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For some reason I feel driven to write about surrender today. Maybe because it is something I have to do over and over again. I am reminded of the AA saying about ego, that the three letters stand for “Easing God Out.” My points of surrender almost always have to occur when some person, place, or thing has caused a strong emotional reaction in me like the reactions that used to send me reaching for an alcoholic beverage or a  bag of choice chocolate chip cookies.

So, how does the concept of surrender relate to a program of recovery? One author (Anonymous, 1988) in A New Day: 365 Meditations for Personal and Spiritual Growth  (p.261) provides an answer by identifying what needs to be in place for surrender to occur:

“The first thing that must occur is for us to reach bottom—to become sick and tired of whatever it is that has been making us sick and tired: a character defect, an old idea, an unhealthy relationship, an obsession, or an illness—relatively minor problems as well as serious ones…Following that we must accept our powerlessness, conceding that it is futile to keep fighting the person, place, or thing causing us difficulty. We must also concede that it is beyond our capability to ‘fix’ the situation. we admit that we need help from a power greater than ourselves.”

Therefore, when I am upset by something, if I am willing to actually work through what is happening to me, I must stop relying on myself alone to “fix” the problem. I also need to examine what feelings, values, expectations, etc. underlie the problem because the problem may be within myself. I can, with God’s help, change my actions/thoughts that are contributing to the problem.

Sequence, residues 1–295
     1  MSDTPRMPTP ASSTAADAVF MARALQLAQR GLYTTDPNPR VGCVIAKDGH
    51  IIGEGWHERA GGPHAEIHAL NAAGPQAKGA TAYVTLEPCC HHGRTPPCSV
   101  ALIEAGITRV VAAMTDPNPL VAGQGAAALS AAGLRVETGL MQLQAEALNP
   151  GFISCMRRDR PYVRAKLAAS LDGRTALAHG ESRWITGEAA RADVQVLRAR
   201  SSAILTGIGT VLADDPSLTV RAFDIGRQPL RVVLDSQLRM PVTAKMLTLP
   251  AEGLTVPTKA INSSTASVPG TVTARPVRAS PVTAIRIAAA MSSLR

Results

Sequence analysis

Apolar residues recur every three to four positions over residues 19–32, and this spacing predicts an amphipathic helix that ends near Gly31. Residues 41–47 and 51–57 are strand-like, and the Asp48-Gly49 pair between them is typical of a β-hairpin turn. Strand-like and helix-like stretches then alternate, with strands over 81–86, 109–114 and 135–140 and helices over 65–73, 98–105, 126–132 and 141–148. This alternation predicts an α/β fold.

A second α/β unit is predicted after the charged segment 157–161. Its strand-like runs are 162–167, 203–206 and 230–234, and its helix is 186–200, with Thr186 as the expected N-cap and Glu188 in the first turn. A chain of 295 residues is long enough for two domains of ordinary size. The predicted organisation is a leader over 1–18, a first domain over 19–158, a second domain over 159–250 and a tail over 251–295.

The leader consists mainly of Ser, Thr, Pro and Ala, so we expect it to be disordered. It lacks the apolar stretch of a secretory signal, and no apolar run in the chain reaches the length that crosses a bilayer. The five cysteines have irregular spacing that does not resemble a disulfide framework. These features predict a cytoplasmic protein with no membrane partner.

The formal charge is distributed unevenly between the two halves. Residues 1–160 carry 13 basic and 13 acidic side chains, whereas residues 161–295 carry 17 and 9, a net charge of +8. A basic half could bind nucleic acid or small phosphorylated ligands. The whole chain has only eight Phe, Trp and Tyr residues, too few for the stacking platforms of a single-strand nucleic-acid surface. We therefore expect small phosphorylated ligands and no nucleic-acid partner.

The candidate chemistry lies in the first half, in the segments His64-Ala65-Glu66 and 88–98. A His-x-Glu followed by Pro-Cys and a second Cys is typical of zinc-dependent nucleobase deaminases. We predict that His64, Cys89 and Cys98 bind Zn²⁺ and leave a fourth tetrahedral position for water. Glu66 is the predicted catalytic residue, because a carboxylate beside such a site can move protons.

AA’s Twelve Steps and Twelve Traditions identifies willingness to realign our will with God’s will as the key to entering recovery and to solving life’s problems in general. So, here are the highlights from today’s topic discussion I am going to “take home with me”:

  1. I will stay mired in my problem(s) until I am willing to change and to seek help.
  2. Surrender only happens when I am willing to give up my self-reliance and ask a Higher Power for help.
  3. Even with God’s help, the only part of a problem I can usually “fix” or directly influence is myself—-my attitude, my expectations, my pride, etc.
  4. Personally, the only surrender that will work for me is the conscious decision to align my will with God’s will for me and/or the situation.

Why did I need to follow this line of thought today? Well, to be honest, I wanted to fix a problem, someone else’s problem. My part in this “problem” was flirting with the idea that I could play God and fix the other person’s problem so they would no longer be in pain. I have to accept that I cannot, and I need to pray for knowledge of God’s will and the power to carry God’s will out. I need to release my friend and his problem to God in prayer while still supporting my friend whenever I can as long as my doing so is in alignment with God’s will and not my need to rescue or fix something other than myself. Enough. I look forward to hearing from you regarding your ideas about the topic of surrender. God bless and keep you.

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